In every culture, every tradition, there is a difference between virtue and selfish living. Our communities need us to be selfLESS, to be humble servants even in – especially in – our success. It is our civil responsibility to live and work in ways that support not only our individual interests but also the interests of our community.
As college graduates, you will be leaders in your workplaces and your communities. The ways that you express your values, through your words and your actions, will impact the lives of others. Others will follow your examples in leading virtuous lives.
The great philosopher Socrates said, "The greatest way to live with honor in this world is to be what we pretend to be.
Pretending is not enough.
Intending to do the right thing – later – is not enough.
We have seen how even the mighty can fall when they fail to do what’s right, when they fail to be who they pretended to be.
Who will you be?
Your college years have helped you to define the kind of person you want to become. But the work does not end when you earn your degree. The work is just beginning.
How has this experience of college changed you? How will you use your experience to change the world?
Throughout your life, you will make important life-changing decisions. You will transition from one place – one purpose – to another.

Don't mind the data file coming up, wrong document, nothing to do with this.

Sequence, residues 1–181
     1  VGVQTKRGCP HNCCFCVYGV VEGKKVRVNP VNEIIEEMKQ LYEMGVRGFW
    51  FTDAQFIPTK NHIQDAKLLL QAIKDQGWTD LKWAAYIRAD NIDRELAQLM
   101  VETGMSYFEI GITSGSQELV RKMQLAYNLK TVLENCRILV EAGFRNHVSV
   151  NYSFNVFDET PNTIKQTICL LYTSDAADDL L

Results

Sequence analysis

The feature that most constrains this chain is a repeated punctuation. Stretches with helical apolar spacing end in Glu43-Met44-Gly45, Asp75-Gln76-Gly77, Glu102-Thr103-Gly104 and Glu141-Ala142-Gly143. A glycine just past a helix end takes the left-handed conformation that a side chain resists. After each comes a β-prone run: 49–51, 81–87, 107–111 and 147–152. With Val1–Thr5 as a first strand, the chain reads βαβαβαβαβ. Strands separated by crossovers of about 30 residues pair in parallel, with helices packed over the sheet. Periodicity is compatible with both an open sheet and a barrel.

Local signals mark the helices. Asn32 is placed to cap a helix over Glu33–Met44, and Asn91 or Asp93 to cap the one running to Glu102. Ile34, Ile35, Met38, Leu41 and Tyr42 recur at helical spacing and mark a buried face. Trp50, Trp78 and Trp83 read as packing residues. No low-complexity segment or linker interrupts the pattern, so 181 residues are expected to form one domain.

Jobs will change. You will move to new places and meet new people. You will start families and watch your children grow. One day, you will even plan for your retirement.
In all of your decisions and all of your transitions, the same questions will rise again:
- Who are you?
- What kind of person do you want to be?
Your values and virtues will follow you throughout the years of your lives.
Be steadfast in your commitments. Be resilient as you face challenges and changes in your life. Be ready to give your time and your talent to support something greater than yourself. Be of value to others and be a shining example of a virtuous life.
In his book, "The Way of the Peaceful Warrior," author Dan Millman writes: "Use whatever knowledge you have but see its limitations. Knowledge alone does not suffice; it has no heart. No amount of knowledge will nourish or sustain your spirit; it can never bring you ultimate happiness or peace. Life requires more than knowledge; it requires intense feeling and constant energy. Life demands right action if knowledge is to come alive."
I urge you to greet your life with energy and enthusiasm and to employ your knowledge, your values and your virtue in creating the life you most desire.
Today, you become part of a proud tradition as you join our Penn College alumni association.
For nearly 100 years, our institution has been changing lives and impacting communities. Please stay in touch with us as you make your mark on the world. And come back often to share your gifts and talents with us and with future Penn College students.
Now it really is time. I can’t hold onto the moment any longer.
Class of 2012, you are now part of the valued and virtuous history of Pennsylvania College of Technology.